City of London Sinfonia/Moldoveanu – 14 April

Le tombeau de Couperin
Violin Concerto in E minor, Op.64
Lennox Berkeley
Serenade for strings, Op.12 *
Symphony No.40 in G minor, K550

Ernst Kovacic (violin)

City of London Sinfonia
Nicolae Moldoveanu
Nicholas Ward (violin) *

Reviewed by: Colin Anderson

Reviewed: 14 April, 2003
Venue: Barbican Hall, London

Richard Hickox’s indisposition brought to the podium the graphic conducting gestures of Nicolae Moldoveanu – rarely has a conductor cued more instrumentalists in the time allotted, shimmied, or hurled himself into his task with such abandon. Full marks for commitment. Whether though the Mozart was anything more than a flurry of activity is debatable. Fast speeds the order of the day, Moldoveanu did coax some appealing lyrical asides in the ’Andante’ and made a convincing case for abandoning courtly resonance in the Minuet, which was charged through and aggressively accented; Mozart’s exploration of the symphony’s tragic potential had no let up.

Yet, while variety of vibrato (including none) mixed the colour palate, it did so somewhat schizophrenically, while dynamic changes (forte questions, pianissimo answers) utilised an interpretative ’tool’. With more than an element of pinning the listener against the wall, Moldoveanu didn’t so much illuminate the music as have it leave its corner, gloves flailing for the knock-out punch. In using the original version, that is before Mozart added clarinet parts, Moldoveanu either inherited Hickox’s intentions or went his own way; the programme note didn’t report Hickox’s preference.

Allowing the G minor is more austere as initially penned by Mozart, Moldoveanu’s exhausting rather than exhaustive rendition fell into a groove – ’authentic’ momentum and Romantic asides that never quite gelled; this stratagem palled before the end.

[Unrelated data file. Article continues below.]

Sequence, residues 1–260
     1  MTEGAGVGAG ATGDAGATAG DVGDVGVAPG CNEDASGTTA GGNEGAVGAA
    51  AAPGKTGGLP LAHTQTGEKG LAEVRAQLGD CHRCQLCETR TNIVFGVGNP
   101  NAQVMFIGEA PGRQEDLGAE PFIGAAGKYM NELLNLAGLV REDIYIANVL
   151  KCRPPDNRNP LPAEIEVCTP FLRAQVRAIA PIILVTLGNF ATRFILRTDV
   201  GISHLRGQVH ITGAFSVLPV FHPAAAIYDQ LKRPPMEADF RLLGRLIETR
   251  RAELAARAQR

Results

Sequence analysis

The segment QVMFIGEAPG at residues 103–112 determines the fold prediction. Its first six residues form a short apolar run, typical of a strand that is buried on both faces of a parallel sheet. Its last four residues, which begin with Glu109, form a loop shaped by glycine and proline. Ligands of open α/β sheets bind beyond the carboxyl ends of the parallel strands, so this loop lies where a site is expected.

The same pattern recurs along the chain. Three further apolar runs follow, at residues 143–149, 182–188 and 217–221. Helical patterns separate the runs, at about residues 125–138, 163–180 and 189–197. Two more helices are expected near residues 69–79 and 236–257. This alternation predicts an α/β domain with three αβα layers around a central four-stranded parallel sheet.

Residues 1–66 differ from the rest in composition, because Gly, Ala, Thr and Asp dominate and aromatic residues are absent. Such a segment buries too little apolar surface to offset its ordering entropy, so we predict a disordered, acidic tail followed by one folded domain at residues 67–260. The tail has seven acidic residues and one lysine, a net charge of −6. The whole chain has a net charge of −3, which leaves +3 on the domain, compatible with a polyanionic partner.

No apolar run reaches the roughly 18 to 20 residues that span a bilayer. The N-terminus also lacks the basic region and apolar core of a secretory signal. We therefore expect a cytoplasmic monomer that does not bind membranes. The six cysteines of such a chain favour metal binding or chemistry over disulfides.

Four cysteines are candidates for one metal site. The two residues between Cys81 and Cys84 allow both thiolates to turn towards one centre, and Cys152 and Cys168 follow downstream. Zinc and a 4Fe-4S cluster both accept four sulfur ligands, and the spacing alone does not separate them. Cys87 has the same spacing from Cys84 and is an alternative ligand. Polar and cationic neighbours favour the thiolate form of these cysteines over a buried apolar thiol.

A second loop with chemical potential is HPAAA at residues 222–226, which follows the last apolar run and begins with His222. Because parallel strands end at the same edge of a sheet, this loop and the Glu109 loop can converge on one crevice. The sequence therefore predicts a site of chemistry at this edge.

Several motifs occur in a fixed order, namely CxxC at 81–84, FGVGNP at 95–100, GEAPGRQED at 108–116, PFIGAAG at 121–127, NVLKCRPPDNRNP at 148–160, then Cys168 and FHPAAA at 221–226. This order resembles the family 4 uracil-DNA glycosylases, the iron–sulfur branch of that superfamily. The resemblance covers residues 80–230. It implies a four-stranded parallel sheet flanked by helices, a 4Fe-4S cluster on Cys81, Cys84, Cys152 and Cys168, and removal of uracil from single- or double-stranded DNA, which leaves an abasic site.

Similarly, Ravel’s tribute to fallen friends in World War One was not especially far-reaching; spirited and sensitive, also somewhat graceless, Ravel’s watchmaker precision was not always in sync and sometimes disrupted by tempo retards that may have signalled expressive largesse but also detracted from Ravel’s very private sense of loss. Some deft playing aside, Moldoveanu rather stressed the music’s mechanics.

The Mendelssohn was big and beefy rather than suave and elfin. Good to hear Ernst Kovacic in something not written for him. Nothing rose-coloured about Kovacic’s approach, this was somewhat strenuous in execution, and rather tightly phrased; there seemed a pedagogue standing near Kovacic to ensure the letter of the score was observed. The cadenza brought some fantasy, and the slow movement flowed delightfully to create another ’song without words’.

This year marks the centenary of Sir Lennox Berkeley’s birth. While he is too good a composer to need such timing to get his music played, at least things are gathering momentum – not least from Chandos. The Serenade, ably directed by CLS leader Nicholas Ward, is an early example of Berkeley’s craftsmanship – whether in its vigour, dark-hued elegance or hauntingly beautiful envoi, Berkeley’s amiable and touching expression makes this a gem of a piece. More Berkeley from the CLS on 30 May.

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